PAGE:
Related: How to Take Better Class Notes

In short, the more you practice, the better you will be! And don’t forget to keep practicing even after you finish this class. Foreign languages are a real “adult” skill that will benefit you for the rest of your life!

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How to Create a Flexible Color-Coded Planning System

I’m wondering how you handle changes within your color-coded system.  For example, if the professor pushed an assignment back or classes were canceled due to inclement weather. 
-Tiffany
 
Great question! I get so annoyed when dates change, but then I remember “oh yeah, this is why I have a planner in the first place”. 
 
If the thought of writing every assignment/appointment/engagement in boring pencil in your planner gives you the heebie-jeebies, don’t worry! There are other (prettier) options!
 
 
 
Welcome to the wonderful world of flexible planning!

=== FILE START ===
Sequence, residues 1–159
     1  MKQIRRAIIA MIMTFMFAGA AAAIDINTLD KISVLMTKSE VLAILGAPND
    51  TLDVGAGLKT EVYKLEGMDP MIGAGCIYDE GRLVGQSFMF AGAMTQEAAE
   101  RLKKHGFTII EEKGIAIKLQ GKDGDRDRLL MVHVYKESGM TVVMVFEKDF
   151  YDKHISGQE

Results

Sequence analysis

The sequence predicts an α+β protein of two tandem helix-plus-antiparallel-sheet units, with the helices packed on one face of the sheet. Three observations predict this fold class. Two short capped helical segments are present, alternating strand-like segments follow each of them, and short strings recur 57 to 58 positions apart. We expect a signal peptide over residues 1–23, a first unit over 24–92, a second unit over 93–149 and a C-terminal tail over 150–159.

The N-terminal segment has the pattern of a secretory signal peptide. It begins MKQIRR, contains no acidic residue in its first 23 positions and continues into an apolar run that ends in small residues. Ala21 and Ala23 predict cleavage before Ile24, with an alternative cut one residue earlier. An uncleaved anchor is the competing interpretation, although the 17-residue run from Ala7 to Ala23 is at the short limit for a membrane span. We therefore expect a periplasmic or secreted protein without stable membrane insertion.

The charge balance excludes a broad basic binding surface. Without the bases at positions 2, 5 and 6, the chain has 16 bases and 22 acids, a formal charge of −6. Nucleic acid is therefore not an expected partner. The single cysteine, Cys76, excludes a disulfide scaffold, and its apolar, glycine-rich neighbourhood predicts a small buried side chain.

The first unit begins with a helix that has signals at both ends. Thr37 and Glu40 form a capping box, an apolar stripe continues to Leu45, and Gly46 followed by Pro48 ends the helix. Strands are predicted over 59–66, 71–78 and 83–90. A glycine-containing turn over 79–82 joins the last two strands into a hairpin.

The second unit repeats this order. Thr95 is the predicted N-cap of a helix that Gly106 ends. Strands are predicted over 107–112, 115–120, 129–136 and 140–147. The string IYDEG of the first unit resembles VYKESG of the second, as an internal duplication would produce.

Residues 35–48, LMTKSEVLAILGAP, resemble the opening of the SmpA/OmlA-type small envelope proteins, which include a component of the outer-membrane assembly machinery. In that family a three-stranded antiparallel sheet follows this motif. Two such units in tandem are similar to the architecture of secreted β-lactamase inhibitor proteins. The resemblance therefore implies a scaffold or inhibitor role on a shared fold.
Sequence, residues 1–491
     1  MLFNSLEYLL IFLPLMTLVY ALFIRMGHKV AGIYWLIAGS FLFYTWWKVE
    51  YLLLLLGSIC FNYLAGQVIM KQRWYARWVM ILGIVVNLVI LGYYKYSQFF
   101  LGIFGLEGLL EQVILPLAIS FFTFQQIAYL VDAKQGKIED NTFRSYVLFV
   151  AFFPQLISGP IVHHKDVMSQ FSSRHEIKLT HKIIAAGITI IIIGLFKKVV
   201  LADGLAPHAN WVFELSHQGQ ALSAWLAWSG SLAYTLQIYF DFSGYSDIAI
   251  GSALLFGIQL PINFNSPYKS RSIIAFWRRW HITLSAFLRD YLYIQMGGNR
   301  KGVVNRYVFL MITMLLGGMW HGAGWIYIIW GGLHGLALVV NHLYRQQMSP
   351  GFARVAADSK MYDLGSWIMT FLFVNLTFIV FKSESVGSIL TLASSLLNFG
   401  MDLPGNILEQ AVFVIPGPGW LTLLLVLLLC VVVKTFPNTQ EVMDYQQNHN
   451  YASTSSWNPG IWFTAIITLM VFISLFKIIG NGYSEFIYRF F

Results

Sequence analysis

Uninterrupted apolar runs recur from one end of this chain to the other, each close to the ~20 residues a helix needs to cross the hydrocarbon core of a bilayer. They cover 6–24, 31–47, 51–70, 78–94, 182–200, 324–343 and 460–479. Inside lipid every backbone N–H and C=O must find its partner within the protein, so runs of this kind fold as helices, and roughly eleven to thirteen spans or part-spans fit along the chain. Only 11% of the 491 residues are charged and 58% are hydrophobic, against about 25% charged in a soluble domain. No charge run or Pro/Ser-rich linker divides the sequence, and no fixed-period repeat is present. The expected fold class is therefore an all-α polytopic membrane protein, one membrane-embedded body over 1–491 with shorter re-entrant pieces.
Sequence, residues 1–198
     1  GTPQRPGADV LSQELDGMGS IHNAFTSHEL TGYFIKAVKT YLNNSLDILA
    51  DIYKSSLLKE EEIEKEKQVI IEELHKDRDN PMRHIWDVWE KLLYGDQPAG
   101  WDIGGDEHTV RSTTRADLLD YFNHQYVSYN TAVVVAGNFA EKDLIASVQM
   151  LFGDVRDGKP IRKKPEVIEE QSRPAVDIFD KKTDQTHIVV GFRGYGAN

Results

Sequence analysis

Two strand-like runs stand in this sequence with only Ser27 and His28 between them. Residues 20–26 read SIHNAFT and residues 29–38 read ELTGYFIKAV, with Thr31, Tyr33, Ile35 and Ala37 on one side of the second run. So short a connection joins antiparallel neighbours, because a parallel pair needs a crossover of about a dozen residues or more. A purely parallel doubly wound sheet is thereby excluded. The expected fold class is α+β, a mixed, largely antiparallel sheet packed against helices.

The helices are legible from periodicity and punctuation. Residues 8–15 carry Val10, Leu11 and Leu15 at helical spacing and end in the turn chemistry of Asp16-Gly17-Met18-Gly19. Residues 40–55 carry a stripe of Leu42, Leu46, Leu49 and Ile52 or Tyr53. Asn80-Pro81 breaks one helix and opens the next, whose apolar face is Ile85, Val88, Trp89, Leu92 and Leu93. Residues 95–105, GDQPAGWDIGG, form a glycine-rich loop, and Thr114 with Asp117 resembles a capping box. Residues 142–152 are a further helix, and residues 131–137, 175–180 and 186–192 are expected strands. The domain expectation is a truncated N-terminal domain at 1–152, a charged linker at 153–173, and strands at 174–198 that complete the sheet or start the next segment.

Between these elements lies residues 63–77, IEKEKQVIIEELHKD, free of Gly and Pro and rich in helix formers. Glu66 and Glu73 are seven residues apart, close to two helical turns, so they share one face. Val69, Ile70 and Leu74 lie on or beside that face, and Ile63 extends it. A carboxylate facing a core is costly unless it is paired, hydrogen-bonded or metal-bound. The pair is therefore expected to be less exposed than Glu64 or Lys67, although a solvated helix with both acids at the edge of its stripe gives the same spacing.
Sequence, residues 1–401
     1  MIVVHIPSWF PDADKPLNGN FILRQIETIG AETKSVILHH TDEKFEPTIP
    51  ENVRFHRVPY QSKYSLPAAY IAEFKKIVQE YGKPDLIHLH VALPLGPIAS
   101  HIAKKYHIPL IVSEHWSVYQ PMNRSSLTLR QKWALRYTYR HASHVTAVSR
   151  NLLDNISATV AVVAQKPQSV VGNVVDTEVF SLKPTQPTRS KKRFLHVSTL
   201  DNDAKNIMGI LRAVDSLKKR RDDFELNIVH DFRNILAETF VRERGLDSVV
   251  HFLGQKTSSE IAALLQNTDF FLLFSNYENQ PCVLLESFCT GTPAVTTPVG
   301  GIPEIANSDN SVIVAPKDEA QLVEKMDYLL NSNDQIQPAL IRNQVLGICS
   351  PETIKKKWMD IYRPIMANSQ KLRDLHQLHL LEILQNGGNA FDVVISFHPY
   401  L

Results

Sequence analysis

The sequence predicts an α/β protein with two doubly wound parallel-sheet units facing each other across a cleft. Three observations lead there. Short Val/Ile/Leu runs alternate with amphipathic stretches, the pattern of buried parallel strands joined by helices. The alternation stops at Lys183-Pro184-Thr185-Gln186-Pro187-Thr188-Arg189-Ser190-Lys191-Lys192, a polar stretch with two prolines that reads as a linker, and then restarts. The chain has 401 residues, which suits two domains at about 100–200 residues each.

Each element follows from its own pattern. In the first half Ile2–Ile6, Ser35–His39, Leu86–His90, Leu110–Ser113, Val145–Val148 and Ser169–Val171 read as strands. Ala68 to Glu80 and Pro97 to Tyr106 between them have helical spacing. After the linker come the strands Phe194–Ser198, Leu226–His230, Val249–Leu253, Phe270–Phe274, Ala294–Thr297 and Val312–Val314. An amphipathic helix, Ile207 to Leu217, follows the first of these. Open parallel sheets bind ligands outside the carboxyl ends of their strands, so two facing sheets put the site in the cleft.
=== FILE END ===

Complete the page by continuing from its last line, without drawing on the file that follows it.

So, “flexible planning” has kind of become my thing over the past few years. I LOVE planning ahead. LOVE. IT. I love color-coding and timelines. I love being prepared and not having things sneak up on me. But… life, y’all. 
 
Life is full of surprises and things are always changing. Events get postponed. New things pop up.
And since our planners are a reflection of our lives, shouldn’t they be able to mirror those changes?
Of course, they should!
So, what’s my #1 secret weapon for creating a flexible planning system?
Post-Its.
 
Post-It’s have come a long way since Michele first invented them. Check out the amount of space in your planner’s monthly and weekly boxes. Then take a stroll down the office supply aisle of any store (or Amazon) to find some colorful sticky notes that will fit! 
 
These are the Post-It Tabs I use for the outside of my Teacher Planner. They’re 3″ (75mm).
 
My favorites are the Post-It Tabs.